NBA draft: Bobcats mull over dealing the No. 2 pick

CHARLOTTE, N.C. — General manager Rich Cho says it will take “something enticing” for the Bobcats to trade away the No. 2 overall pick in the NBA draft.

Cho won’t say exactly what that entails.

For now the Bobcats haven’t received a tantalizing enough offer and still own the rights to the No. 2 pick, although that could certainly change before the start of Thursday night’s NBA draft.

Bobcats president of basketball operations Rod Higgins and Cho went out of their way at Wednesday’s pre-draft press conference to say they’re excited about who they might get at No. 2, but the reality is they’re still very much open for business.

“We’ve had a ton interest from across the league in the second pick,” said Higgins, who refused to name any potential trade partners. “We wouldn’t be doing our jobs if we didn’t listen and find alternative ways to try to help our ball club.”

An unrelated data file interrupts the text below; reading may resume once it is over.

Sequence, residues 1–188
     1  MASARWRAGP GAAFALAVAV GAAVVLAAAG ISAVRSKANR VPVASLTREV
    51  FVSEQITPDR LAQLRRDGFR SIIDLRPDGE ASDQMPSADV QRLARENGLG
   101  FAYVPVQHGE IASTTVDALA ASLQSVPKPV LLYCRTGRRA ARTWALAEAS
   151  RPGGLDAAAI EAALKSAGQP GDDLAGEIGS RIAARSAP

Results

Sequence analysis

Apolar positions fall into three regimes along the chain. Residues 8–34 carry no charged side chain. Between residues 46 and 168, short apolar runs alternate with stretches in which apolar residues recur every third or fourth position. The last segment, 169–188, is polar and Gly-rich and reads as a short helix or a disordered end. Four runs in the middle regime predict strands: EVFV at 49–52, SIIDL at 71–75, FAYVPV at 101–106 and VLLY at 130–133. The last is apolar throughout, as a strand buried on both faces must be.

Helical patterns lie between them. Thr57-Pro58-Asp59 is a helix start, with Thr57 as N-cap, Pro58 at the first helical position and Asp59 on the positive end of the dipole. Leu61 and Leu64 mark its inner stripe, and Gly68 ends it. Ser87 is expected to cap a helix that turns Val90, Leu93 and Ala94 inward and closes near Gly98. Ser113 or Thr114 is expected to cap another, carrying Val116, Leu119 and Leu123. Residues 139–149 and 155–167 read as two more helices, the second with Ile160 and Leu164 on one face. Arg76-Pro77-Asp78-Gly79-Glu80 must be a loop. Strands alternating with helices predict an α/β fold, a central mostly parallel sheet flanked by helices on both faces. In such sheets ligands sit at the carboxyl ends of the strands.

They did that Tuesday night via trade.

The Bobcats dealt veteran small forward Corey Maggette to the Detroit Pistons for shooting guard Ben Gordon and a future first-round draft pick. The first-round pick gives the Bobcats a valuable asset down the road and Gordon gives the team a legitimate outside shooter following a season in which Charlotte finished last in the league in 3-point shooting (29.5 percent).

Gordon is 12th among active NBA players in career 3-point shooting percentage at 40.6 percent.

Higgins said he spoke to Gordon after the deal was completed and he was “very excited” about coming to Charlotte.

“He wants to come in and help us win games,” Higgins said.

The Gordon trade is the first step in a major roster overhaul the next two years.

The Michael Jordan-owned Bobcats finished with the worst winning percentage (.106) in NBA history this past season and the pressure is on to make good decisions after a variety of poor trades and draft picks in recent years that have left fans disgruntled.

The decision to draft Gonzaga star Adam Morrison with the third overall pick in 2006 proved to be a disaster and trading for Tyrus Thomas hasn’t panned out either.

The Bobcats look to change that tide this year.

“We have a lot of cap room this summer and more cap room in 2013,” Cho said. “We acquired a really valuable asset with the [Pistons’] first-round pick - especially with the protection involved - that we can use down the road or in a trade. And we added a scorer and a shooter and consummate professional in Ben that we’re excited about.”

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